If your company has ever been involved in any type of litigation, you may have been advised at one point or another that regardless of the merits of your case, costs would make pursuing or defending the case prohibitively expensive. No litigation activity has more potential to drive up costs than discovery. The need to collect, review and produce tens or even hundreds of thousands of pages of documents, respond to intricate and detailed interrogatories and make numerous employees available for depositions has the potential to put serious strain on your company’s litigation budget or rainy day fund. Having to respond to discovery can also result in serious disruption to everyday operations.
The trend over the past decade and a half has been toward electronic document and email discovery, which many have identified as a major driver of increasing costs. While the electronic storage of documents and use of email have grossly expanded the number of records that must be searched to satisfy an opposing party’s document demand, it is also the breadth of material that could potentially be responsive to broadly worded demand that makes discovery so expensive.
Both federal and New York courts have recently taken steps to reduce the cost of discovery by introducing the concept of proportionality. Proportionality requires parties and courts to restrict the scope of discovery so that it fits within the size, scope and importance of the litigation. Proportionality rules recognize that it does not make sense for parties to spend $100,000 completing discovery where the plaintiff only seeks $150,000 in damages, and they give courts and parties a basis to take steps that restrict the use of discovery devices where appropriate.
On Oct. 5, the preamble of the discovery rules for cases filed in the state’s Commercial Division was amended to read in part: “The Commercial Division is mindful of the need to conserve client resources, encourage proportionality in discovery, promote efficient resolution of matters, and increase respect for the integrity of the judicial process.” Parties arguing for the addition of proportionality language believe that this guidance, along with previous rule changes limiting the use of interrogatories and depositions, will reduce discovery costs in New York courts.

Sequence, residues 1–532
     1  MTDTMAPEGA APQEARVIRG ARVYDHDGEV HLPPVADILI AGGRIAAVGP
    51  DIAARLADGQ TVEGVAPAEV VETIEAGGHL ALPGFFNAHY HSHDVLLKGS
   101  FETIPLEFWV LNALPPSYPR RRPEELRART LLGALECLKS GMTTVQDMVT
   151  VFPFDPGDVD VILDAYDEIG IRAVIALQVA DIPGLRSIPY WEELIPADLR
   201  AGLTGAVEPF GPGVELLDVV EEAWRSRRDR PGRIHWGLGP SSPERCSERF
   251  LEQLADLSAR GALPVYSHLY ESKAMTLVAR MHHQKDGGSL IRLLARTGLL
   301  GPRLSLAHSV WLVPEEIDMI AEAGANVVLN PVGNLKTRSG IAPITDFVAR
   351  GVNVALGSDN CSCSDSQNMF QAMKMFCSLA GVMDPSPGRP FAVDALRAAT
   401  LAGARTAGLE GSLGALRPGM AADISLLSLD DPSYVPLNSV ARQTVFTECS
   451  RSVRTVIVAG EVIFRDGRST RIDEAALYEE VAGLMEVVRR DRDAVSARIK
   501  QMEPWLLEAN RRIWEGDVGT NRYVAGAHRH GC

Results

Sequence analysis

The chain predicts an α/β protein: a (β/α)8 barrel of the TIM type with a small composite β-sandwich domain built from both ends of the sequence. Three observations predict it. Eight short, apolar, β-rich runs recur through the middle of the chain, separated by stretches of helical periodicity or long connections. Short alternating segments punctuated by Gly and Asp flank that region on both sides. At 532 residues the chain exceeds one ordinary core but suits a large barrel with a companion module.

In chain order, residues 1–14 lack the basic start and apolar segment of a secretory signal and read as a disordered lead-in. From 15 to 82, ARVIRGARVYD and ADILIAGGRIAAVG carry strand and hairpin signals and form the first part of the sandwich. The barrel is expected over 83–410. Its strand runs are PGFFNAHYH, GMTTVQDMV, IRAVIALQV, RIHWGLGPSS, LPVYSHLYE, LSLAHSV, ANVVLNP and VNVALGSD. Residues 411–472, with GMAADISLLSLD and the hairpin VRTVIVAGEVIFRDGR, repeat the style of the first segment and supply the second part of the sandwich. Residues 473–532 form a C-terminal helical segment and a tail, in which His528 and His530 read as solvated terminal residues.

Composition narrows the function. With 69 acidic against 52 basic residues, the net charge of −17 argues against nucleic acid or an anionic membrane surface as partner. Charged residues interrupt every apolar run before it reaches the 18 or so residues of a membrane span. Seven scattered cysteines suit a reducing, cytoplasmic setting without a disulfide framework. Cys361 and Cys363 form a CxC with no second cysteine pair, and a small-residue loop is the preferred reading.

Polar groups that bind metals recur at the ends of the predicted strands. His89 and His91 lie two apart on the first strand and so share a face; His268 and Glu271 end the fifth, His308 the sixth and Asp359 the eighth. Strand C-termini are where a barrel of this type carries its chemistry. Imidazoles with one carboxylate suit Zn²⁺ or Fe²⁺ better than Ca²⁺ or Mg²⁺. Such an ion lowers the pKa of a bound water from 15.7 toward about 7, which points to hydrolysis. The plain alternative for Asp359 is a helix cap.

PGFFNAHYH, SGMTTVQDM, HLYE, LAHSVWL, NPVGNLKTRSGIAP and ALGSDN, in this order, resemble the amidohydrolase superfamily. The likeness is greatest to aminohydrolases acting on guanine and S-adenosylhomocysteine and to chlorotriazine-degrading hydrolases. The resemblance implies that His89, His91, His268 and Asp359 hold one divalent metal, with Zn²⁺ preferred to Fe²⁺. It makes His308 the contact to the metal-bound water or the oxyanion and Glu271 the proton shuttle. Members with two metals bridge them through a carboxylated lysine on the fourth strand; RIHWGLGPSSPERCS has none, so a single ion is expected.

More substantial changes will soon go into effect in federal courts. Beginning Dec. 1, the scope of discoverable material in federal court will no longer be all material that is “reasonably calculated to lead to the discovery of admissible evidence.” Instead, the Federal Rules of Civil Procedure will soon limit discovery to “non-privileged matter(s) that (are) relevant to any party’s claim or defense and proportional to the needs of the case, the amount in controversy, the parties’ relative access to relevant information, the parties’ resources, the importance of the discovery in resolving the issues, and whether the burden or expense of the proposed discovery outweighs its likely benefit.”
While both amendments should have a positive effect on the costs of litigation overall, it is too soon to tell how much of an effect they will have on individual lawsuits. Discovery is still likely to be a major litigation expense, and cases will still settle to avoid that expense. However, many business owners could benefit from these recent efforts to lower litigation costs.
Curtis A. Johnson is an associate in the Rochester office of Bond, Schoeneck & King PLLC where he practices in the areas of commercial litigation and creditors’ rights.
10/9/15 (c) 2015 Rochester Business Journal. To obtain permission to reprint this article, call 585-546-8303 or email firstname.lastname@example.org.